Financing Campus Central Utility Energy Projects: Your Goose That Lays Golden Eggs

Posted by Bryan Haag on Thursday, February 04, 2016

Golden Goose Eggs

It isn’t any secret to facility managers that campus central utility projects can offer quick paybacks and sizeable annual savings for your campus, through energy reductions. Furthermore, those annual savings can be used as a funding mechanism for other energy or sustainability projects, creating your “Goose that Lays Golden Eggs.”

The question is how to fund these central utility energy projects when utilities are often “out of sight, and out of mind” and bypassed, in lieu of other energy projects that are more noticeable to students, stakeholders, and donors alike.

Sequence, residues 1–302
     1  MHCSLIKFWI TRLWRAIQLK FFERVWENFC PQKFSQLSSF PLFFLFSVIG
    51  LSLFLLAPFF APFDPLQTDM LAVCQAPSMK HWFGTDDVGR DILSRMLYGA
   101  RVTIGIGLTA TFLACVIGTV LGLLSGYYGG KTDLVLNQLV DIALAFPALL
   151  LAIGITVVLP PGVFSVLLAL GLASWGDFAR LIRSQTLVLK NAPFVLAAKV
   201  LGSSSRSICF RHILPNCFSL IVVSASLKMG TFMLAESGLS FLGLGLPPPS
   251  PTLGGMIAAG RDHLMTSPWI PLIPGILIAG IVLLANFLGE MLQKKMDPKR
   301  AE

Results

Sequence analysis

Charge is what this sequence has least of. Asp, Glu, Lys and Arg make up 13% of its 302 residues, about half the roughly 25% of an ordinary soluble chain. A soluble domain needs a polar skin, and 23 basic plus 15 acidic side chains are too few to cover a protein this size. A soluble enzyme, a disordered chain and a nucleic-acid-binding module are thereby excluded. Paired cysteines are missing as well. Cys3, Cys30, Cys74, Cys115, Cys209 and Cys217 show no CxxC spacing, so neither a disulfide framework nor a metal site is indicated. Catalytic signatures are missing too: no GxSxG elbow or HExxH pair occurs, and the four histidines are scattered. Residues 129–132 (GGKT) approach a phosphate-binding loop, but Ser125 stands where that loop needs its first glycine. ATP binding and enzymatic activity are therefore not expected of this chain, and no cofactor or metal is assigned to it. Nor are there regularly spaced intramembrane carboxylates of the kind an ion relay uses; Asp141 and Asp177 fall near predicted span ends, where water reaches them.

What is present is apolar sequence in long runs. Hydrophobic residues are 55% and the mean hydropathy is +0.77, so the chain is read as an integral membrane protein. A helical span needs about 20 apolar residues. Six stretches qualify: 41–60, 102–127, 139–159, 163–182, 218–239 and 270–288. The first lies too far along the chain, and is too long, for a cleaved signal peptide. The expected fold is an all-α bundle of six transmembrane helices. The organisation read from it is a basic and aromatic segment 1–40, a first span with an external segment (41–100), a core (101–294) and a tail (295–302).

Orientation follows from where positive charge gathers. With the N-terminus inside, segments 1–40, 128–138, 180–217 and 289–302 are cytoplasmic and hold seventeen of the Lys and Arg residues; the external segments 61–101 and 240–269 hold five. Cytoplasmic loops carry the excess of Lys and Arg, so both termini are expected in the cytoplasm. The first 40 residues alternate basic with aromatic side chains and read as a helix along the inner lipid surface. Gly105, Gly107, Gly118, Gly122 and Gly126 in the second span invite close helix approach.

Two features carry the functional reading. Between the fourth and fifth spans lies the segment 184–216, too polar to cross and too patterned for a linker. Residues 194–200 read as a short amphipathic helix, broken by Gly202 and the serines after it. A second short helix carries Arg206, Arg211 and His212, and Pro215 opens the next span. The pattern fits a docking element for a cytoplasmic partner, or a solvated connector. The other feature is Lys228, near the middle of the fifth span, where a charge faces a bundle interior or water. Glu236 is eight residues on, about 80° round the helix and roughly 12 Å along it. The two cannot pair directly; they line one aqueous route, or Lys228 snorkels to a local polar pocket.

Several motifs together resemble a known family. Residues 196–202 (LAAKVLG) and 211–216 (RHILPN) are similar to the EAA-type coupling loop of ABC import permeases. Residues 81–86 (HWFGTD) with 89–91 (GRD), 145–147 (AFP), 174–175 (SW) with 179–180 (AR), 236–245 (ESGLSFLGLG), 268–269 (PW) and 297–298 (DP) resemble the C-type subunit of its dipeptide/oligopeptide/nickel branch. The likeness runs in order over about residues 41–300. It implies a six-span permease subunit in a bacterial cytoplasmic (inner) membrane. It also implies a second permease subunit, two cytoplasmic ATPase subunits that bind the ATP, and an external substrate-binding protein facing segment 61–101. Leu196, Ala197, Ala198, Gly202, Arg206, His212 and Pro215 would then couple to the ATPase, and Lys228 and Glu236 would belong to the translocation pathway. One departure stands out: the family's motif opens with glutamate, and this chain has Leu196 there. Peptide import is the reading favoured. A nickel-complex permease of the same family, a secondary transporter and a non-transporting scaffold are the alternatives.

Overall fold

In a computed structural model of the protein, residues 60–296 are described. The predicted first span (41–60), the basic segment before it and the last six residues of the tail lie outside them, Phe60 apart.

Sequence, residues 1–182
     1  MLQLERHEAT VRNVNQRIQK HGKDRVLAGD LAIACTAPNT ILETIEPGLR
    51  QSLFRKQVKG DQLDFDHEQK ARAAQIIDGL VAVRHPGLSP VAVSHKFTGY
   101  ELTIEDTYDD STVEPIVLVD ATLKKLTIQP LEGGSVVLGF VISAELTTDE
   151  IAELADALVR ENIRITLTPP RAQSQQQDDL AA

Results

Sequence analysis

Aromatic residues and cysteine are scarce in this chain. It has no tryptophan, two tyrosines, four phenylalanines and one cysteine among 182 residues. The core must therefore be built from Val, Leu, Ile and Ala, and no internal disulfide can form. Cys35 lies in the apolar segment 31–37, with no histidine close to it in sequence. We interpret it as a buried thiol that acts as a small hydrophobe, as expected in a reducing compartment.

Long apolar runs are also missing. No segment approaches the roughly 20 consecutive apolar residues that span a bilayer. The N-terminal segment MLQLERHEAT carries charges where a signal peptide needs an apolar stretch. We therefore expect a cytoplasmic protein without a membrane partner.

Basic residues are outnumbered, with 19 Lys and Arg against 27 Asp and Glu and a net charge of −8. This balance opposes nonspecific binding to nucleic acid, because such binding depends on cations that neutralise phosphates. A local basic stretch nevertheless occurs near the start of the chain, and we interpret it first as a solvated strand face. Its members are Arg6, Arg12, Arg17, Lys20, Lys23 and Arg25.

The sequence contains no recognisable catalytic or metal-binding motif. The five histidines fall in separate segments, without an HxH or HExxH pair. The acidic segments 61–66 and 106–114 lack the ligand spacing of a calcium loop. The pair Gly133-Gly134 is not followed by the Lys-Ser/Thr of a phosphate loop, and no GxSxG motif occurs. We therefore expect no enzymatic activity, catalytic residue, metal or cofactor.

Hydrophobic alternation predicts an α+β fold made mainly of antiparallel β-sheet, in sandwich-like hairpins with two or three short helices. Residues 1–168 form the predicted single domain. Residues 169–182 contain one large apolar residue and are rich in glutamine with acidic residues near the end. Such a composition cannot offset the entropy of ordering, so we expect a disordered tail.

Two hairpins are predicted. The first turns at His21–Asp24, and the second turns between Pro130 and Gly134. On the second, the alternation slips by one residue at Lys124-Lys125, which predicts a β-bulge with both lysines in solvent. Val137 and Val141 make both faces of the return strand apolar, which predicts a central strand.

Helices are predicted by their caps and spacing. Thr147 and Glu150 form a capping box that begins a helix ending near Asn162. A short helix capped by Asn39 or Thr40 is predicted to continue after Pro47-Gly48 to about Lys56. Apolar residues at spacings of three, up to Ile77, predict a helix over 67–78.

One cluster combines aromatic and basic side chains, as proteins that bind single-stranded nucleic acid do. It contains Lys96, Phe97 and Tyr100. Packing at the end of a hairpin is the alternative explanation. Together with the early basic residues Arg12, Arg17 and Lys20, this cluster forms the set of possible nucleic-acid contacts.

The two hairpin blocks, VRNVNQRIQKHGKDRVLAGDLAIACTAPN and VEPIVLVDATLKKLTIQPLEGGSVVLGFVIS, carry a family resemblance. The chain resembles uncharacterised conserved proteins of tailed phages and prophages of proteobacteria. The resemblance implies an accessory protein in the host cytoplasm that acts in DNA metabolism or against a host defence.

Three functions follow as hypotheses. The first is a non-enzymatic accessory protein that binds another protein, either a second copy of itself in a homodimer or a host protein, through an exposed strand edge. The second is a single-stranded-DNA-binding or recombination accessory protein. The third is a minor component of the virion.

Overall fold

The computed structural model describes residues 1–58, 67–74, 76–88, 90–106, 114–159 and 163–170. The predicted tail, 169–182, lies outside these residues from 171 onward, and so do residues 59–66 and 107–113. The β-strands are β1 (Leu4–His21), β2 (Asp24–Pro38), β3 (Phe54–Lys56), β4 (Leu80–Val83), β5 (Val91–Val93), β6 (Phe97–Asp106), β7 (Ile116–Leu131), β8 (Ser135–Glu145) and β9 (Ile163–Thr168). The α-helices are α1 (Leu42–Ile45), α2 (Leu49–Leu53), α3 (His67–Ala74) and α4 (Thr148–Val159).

The first step as a facility manager is to arm yourself with the data about energy savings opportunities in your central utilities. Two ways to get the data are through a utility master plan (UMP) or energy use index benchmarking. A UMP provides the data by analyzing your system, usage, and bills, to identify projects, costs, and energy and emissions savings, forming the life cycle cost of the project(s), the baseline of your case for funding. A more lightweight approach is to use your campus energy use index to benchmark your campus and see your savings potential at a high level, which may be helpful in determining if enough savings could exist to proceed.